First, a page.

The volume by Roads and Strawn collects thirty-six papers, most of which were originally published in the first few volumes of the Computer Music Journal (CMJ). With the exception of a classic from 1973 ("The Synthesis of Complex Audio Spectra by Means of Frequency Modulation," by John Chowning), the rest of the work was first available in the period 1977-1980. In the whole history of music, this is not a long time; in the history of computer music, however, this is a substantial and important period. Because of the dates of the contents, the volume cannot include any of the early "foundations" in the field, nor can it touch on more recent developments in computer music such as the revolution caused by the establishment of the MIDI interface standard for linking microcomputers and synthesizers, a revolution that has made computer music accessible to the many instead of the few fortunate enough to be able to build their own systems or to work at institutions having sophisticated mainframe sound synthesis installations. Many of the papers, however, have been updated for this publication, and it certainly represents a wide variety of contemporary topics in the field.
Because few libraries and individual subscribers have a run of CMJ from its beginnings, this volume provides a necessary resource for readers interested in the technical topics relevant to the field of computer music. It will not provide much in the way of tutorial material or general reading for those in search of such things. For primers, such a reader should try the Computer Music Tutorial by these editors (Cambridge, Mass.: MIT Press, 1985) or the solid Dodge and Jerse work reviewed above.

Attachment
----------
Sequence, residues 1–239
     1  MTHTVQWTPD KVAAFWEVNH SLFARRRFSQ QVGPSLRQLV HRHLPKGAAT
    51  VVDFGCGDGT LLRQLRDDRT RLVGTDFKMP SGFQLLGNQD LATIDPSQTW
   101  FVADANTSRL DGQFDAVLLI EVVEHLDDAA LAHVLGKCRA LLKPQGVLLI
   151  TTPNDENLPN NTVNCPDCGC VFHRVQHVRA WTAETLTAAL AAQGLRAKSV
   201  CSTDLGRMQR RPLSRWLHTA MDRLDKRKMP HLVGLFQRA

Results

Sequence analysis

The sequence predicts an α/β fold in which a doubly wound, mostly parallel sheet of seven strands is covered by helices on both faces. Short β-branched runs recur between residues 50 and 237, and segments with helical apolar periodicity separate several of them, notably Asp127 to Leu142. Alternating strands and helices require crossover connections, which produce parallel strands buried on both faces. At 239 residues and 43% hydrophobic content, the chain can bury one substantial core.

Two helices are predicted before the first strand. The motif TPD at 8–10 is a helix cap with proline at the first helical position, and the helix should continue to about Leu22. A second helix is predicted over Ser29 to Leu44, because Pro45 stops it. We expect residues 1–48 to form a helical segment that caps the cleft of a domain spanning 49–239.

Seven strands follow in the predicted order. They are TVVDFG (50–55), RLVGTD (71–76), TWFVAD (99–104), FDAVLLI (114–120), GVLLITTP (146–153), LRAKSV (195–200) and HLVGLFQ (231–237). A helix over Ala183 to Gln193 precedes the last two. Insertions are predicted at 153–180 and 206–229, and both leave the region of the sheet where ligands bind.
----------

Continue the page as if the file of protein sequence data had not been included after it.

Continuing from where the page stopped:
The book is divided into four sections. The first, "Digital Sound-Synthesis Techniques," includes articles about frequency modulation, waveshaping, analysis/synthesis, granular synthesis, and Paul Berg's iconoclastic instruction-based synthesis. The second, "Synthesizer Hardware and Engineering," covers the SSSP instrument in Toronto (now, sadly, mothballed), the DMX-1000, and the early IRCAM instruments in Paris. The third section, "Software Systems for Music," primarily discusses general music-programming issues in the context of specific programs. The fourth section, "Perception and Digital Signal Processing," includes just three papers about reverberation, "Timbre Space as a Musical Control Structure," and the perception of musical "streams."
Because of the technical nature of CMJ there are few articles about aesthetics, specific works of music, musical styles, or the compositional and theoretical issues raised by work with computers, except in the context of more explicitly technical discussions. The general reader might certainly enjoy Curtis Roads's interview with Gottfried Michael Koenig, which provides insight into the early development of computer music in Holland and into the aesthetic thinking of a primary member of the post-Cologne group. Roads has also written a nice overview of "Grammars as Representations for Music," which includes a listing of those from Otto Laske to Leonard Bernstein who have attempted to explain music in a grammatical way. "Hearing Musical Streams," a paper about the psychology of musical perception by Stephen McAdams and Albert Bregman, will interest general readers. And "A Recipe for Homebrew ECL" by Chuck Hastings may interest those who build computers in their basements. Otherwise, this collection represents the technical reports of many who did the significant inventing, the programming, and the hard thinking about computer music during an exciting and productive period of its history.